The issue here is not the development of the luxury hotels but the amount of space it takes to contract the similar amount of rooms that budget hotels do. The reports say that the ‘A’ category hotels (Luxury Hotels/Resorts) are just 2 percent of all hotels, but they are much bigger in size and host only 25 percent of the rooms available in Goa.
An average Category-A property would have 110 rooms, three times the number of rooms in smaller hotels under Category-B and 25 times that of the lowest Category-D hotels. As a result, even though smaller hotels are routinely hauled up for noise and environmental violations, it is the high-end hotels that require large tracts of land, put more burden on local resources, and are often opposed by villagers.
What happens when the big luxury resorts are setup in small villages
Let’s take the example of Arossim village, where three more luxury resorts are proposed to be built. The reports say that a big business house from Delhi has invested into the huge piece of land in Arossim, by purchasing the beach facing properties from rich landlords who held a Portuguese-era land title to it.
The villagers are intensifying the movement against the development due to its ecological importance to the community. “There is no dispute over the ownership of the land or the sale, but two separate groups of villagers: Cansaulim Villagers Action Committee (CVAC) and Cansaulim-Arossim-Cuelim Civic and Consumers Forum (or CAC-CCF) argue that although the site is a private property, it is ecologically important to the community because of storm water drains carrying excess rainwater from the village converge into the property before draining out into the sea.” It is also the regions’ biodiversity ‘hotspot’, supporting a large green cover, fauna and medicinal herbs.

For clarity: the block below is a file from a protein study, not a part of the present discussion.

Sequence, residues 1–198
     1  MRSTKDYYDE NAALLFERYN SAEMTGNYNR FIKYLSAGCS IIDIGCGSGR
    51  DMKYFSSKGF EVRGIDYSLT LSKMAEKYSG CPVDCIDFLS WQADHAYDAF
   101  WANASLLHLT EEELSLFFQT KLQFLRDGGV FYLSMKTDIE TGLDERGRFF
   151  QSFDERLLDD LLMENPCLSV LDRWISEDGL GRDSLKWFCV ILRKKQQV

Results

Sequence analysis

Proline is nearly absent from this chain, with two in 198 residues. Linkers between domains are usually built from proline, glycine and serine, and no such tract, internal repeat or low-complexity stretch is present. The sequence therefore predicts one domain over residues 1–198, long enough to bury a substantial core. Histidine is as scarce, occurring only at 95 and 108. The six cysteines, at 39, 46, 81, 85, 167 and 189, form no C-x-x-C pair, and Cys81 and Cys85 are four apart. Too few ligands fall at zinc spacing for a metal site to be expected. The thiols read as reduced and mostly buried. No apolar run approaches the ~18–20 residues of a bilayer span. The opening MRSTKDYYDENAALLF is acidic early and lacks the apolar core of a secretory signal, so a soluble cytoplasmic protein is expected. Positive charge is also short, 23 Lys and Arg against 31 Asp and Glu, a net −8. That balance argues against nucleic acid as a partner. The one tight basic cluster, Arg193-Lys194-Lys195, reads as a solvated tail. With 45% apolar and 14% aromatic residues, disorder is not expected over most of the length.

The recent development at Kesarwal spring is also opposed by the villagers. The GTDC having its own resort which has been closed down for a long time had floated the tender for the redevelopment of the same but it was strongly opposed by the villagers.
The scenario is same across the state. The people of Goa do not want the encroachment of their land and thus many big projects have been stopped the midway.
What to do?
Nobody wants Goa to lose its serenity, wilderness and beauty to make way for concretised metro-like ambiance dotted with 5 star hotels. Each place has its own identity and charm and were such astronomical constructions to continue, Goa would remain Goa no more. The need of the hour is to take measured steps, and take them wisely. The rising number of tourists demands a greater number of rooms, something that would benefit Goa’s economy. But this should not be allowed at the cost of ecological loss. Hotels could be permitted takeover of land under the condition they maintain a certain percentage of endemic forest cover, and aid in protection of biodiversity. Development plans in any area should be taken after discussions with the local Panchayats or people’s groups, because it is their home and they know the area better. The tourism department could keep a check on the number of hotels that are allowed to come up in the state, and not just give all those who apply a free hand. It isn’t like all the Luxury Hotel rooms are packed.
If our readers have more suggestions on battling the rising Luxury Hotel constructions do write to us and let us know. the more we discuss and churn ideas, the more chances Goa’s biodiversity has for survival.